Newsome might have been thinking:
B. They are no longer a limping foe.
C. This move changes the face of the AFC.
D. Why didn't I go get this guy?
No, Newsome said later, he was simply enjoying the moment, a historical NFL moment. And he was thinking more so about the maturation of his quarterbacks -- Kyle Boller, Troy Smith and Joe Flacco.
Boller was 11-of-15 passing for 102 yards. He was stripped and fumbled once. He was sacked once. He threw an interception. Smith completed 5-of-12 passes for 74 yards. Flacco stumbled to a 0-for-3 passing finish. He lost a fumble on his second snap.
Combined, the Baltimore quarterbacks were 16 of 30 for 176 yards with three sacks, an interception and a 57.1 passer rating.
But their quarterback play widely ranged from solid to shaky. No news there.
Boller looked strong on several deep out throws, but again displayed a knack for ill-advised decisions under pressure. Smith enjoyed sure-handed moments, but not the big-play production he would like. Flacco looked overwhelmed in his rookie debut and digressed from his earlier strong camp showings.
"I think all three of us learned things today that will help us down the road," Smith said. "As a group, we ran the offense and took what we could. But there is so much more that we all can improve on. Certainly, there are a couple of throws that we would all like back. We'll just keep playing and working. I prepared today like I was the starter. We all did. Kyle got the first crack tonight but we'll all get that chance."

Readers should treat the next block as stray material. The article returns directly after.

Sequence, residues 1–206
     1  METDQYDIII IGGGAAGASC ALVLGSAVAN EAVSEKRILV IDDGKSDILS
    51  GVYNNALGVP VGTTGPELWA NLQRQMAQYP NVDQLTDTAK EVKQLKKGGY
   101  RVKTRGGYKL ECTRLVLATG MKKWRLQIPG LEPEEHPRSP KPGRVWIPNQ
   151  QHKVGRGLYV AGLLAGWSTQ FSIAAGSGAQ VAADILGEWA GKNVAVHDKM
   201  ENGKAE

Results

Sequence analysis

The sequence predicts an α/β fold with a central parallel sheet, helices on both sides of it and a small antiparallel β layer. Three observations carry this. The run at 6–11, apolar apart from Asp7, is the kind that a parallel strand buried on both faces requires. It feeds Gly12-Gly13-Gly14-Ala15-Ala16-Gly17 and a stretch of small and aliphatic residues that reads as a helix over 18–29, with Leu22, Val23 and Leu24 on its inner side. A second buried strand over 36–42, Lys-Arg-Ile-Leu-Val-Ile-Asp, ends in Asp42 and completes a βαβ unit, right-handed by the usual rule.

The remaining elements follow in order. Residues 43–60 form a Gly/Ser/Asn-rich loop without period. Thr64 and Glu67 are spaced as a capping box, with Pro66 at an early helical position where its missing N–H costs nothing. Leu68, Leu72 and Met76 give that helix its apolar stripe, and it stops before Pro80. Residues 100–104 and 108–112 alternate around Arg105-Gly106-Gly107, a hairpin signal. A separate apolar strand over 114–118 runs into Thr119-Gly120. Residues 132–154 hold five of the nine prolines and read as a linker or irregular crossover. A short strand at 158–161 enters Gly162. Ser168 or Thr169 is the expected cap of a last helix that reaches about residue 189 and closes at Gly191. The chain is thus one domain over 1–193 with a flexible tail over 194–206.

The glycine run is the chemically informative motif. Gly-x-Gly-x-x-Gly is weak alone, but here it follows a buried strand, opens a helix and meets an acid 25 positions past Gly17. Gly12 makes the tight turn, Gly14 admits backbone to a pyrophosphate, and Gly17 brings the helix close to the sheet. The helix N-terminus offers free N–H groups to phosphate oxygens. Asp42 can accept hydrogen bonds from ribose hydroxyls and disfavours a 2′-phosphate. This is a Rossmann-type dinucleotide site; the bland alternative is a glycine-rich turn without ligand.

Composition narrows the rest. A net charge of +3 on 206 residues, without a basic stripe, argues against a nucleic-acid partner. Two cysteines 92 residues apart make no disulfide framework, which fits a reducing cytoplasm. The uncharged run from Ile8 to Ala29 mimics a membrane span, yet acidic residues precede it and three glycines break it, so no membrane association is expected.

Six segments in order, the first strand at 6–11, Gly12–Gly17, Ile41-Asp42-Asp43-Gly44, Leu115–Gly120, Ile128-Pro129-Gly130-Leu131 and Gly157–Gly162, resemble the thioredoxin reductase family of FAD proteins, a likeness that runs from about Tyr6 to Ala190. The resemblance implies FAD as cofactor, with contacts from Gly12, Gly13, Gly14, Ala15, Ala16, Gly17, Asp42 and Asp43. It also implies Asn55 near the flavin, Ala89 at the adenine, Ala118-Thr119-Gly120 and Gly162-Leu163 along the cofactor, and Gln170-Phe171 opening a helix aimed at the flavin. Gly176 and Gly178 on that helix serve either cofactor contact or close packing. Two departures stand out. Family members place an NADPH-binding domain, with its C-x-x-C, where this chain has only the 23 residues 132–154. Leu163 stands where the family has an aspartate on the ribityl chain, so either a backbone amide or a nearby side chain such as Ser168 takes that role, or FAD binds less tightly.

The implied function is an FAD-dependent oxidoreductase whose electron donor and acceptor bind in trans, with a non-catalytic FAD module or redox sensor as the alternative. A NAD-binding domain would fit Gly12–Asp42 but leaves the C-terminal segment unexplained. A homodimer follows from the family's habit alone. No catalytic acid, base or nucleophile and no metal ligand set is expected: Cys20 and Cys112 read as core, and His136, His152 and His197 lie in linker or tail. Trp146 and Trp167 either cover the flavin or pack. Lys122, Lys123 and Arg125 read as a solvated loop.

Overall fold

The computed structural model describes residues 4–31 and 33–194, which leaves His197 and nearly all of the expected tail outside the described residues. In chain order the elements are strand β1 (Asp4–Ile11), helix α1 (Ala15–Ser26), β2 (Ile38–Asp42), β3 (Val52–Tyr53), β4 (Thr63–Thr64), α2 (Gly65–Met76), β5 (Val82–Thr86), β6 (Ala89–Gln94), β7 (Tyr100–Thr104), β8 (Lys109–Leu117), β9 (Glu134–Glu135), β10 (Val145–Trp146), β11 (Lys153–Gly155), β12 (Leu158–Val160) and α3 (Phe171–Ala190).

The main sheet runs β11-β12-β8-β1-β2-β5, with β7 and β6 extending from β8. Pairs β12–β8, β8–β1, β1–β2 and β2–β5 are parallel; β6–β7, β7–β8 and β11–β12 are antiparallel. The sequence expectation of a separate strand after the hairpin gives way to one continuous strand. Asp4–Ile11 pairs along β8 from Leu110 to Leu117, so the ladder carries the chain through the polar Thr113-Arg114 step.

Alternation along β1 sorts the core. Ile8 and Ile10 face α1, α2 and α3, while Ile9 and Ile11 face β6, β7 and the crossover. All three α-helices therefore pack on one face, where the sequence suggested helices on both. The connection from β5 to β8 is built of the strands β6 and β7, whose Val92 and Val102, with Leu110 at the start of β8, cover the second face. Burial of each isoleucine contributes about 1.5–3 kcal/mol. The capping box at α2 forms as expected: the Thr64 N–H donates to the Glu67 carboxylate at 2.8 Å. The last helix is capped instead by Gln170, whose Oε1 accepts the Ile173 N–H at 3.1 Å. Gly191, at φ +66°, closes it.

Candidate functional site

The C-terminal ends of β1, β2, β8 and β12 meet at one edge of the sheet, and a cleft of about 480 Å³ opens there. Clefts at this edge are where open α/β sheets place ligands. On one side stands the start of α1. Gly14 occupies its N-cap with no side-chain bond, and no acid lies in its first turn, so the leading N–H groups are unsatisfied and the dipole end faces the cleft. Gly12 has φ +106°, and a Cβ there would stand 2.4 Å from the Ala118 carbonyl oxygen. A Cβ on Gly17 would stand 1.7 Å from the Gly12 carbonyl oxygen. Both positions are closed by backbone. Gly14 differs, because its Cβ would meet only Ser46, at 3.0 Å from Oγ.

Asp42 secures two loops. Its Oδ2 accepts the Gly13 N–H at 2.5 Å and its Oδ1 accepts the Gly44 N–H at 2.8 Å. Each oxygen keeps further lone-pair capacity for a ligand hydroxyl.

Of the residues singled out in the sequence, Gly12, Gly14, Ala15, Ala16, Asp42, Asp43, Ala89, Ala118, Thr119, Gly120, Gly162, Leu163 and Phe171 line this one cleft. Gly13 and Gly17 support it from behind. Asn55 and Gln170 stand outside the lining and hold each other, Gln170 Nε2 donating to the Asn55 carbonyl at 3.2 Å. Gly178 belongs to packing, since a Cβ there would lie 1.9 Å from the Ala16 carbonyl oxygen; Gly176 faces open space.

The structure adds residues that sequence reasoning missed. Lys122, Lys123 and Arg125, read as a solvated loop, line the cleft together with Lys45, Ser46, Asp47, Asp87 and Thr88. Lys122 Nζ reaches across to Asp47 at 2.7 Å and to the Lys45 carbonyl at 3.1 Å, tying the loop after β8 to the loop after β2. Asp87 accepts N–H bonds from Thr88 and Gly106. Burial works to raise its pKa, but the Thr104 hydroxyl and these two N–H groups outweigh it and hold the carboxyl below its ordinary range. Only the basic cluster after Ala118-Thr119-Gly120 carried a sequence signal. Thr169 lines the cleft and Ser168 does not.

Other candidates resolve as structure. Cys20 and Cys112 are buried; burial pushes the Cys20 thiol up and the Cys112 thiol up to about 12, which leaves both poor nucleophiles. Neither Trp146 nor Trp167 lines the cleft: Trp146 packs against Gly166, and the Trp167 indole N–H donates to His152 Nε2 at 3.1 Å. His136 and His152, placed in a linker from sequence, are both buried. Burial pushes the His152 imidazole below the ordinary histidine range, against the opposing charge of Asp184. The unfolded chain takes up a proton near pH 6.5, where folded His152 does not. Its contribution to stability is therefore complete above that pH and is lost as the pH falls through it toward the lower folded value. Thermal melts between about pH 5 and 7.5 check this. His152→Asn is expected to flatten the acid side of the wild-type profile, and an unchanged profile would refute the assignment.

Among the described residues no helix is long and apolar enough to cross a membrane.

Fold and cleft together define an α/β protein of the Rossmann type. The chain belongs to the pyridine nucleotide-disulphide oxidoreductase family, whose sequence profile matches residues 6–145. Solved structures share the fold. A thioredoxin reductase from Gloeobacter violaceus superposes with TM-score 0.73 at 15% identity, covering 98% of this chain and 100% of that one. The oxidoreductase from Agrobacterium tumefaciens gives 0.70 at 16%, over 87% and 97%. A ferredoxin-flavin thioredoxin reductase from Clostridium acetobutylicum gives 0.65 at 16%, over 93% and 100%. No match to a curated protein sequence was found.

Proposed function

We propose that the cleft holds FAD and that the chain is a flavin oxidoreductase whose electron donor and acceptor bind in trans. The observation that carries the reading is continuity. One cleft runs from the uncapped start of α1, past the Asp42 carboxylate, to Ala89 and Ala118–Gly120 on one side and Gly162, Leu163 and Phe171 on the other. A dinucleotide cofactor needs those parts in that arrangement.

The chance to replace Steve McNair, who retired after last season and left the Ravens with a question they must answer: Which of these three quarterbacks is his worthy successor?
Boller and Smith will have plenty of opportunity to make their claims before the decision is made.
"It would mean everything for me to win this job," Smith said. "To get the chance to be a leader on a team full of leaders would be great. It's a new offense that we are all learning and there is no room for negativity. We help each other out. We're a team. Just because it is an intense competition does not mean it can't be done with class. We're football players, we're quarterbacks, but we are men first. Teammates first. That means a lot."
Boller knows that the winner could be the quarterback who makes the fewest mistakes as much as hits on the big plays.
"We drove down the field right away and put some points on the board that first drive," Boller said. "The offensive linemen did an unbelievable job. I don't think I was touched one time. The main thing we wanted to do early was not turn the ball over and put some points on the board. I don't want to turn the ball over. That is the most important thing. We have to continue to work on not turning the ball over."
Each quarterback gets that message.
But which one will deliver?